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How to Care for an Elderly Loved One

You're putting in long days caring for your dad, who lives across town. Not only are you exhausted, but your husband and kids say they never see you. It's time to:

A. Suggest your dad move in to eliminate your drive time.

B. Explain that your dad needs you more right now.

C. Solicit friends for help with household tasks.

D. Have a heart-to-heart with your family about how they can help you reduce your caregiving workload.

"Focus on quality—not quantity—of time when caring for an ailing loved one," suggests Patricia Moon, R.N., director of Family Care Services at Virginia Commonwealth University. "That will help you balance your and your family's needs with those of your dad." If family members, friends and church groups are able to lend a hand, set up a caregiving schedule for them with general chores (grocery shopping, mowing the lawn). That will allow you time for more personal tasks (bathing, help with eating) and some free time of your own.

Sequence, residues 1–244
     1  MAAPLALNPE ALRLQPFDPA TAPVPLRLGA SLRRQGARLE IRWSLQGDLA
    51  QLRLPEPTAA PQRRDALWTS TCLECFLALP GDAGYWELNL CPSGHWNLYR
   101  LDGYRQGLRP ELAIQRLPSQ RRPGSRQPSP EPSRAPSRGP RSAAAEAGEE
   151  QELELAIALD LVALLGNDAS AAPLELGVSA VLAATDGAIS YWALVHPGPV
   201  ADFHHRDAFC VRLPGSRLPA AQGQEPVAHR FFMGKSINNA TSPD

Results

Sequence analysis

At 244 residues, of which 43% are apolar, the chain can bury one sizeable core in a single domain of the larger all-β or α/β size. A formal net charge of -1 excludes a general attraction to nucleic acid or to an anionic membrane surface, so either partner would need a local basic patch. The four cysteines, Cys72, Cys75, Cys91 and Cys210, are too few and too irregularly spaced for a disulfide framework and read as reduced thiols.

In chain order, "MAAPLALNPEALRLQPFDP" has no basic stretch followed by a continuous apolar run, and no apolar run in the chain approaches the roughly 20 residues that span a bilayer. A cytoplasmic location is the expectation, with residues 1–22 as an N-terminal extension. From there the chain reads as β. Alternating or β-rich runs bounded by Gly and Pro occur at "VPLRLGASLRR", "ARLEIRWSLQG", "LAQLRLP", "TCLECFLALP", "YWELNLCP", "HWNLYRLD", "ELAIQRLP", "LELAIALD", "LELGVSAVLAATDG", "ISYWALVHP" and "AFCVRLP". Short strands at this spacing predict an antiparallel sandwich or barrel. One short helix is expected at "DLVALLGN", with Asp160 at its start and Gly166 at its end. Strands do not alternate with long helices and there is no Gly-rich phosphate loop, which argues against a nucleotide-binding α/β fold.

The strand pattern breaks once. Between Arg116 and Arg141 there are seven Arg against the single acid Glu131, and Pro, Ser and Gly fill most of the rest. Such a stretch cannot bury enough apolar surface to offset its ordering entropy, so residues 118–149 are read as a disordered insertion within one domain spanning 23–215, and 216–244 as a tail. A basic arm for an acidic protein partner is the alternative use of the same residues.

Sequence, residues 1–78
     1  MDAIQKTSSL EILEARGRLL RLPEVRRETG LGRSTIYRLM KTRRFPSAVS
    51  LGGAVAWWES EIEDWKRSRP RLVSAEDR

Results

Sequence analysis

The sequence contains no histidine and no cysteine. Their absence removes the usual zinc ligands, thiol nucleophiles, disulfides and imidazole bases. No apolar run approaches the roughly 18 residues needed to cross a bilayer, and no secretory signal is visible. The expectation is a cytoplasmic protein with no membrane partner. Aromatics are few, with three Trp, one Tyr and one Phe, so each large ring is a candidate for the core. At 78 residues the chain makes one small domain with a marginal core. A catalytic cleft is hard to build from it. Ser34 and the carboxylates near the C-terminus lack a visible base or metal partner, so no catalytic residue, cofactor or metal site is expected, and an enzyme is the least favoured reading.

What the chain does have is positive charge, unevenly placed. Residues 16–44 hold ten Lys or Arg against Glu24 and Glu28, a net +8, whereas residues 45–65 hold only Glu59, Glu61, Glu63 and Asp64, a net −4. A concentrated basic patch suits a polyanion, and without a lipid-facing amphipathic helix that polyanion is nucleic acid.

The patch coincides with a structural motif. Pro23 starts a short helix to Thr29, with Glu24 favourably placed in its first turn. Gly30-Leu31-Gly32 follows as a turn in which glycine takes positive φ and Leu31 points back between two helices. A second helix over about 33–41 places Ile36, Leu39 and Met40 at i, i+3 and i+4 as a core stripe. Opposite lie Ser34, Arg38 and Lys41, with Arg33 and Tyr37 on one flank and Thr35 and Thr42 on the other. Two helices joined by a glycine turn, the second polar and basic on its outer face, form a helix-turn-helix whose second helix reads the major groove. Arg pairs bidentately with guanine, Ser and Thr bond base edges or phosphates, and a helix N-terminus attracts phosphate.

Answer: C and D

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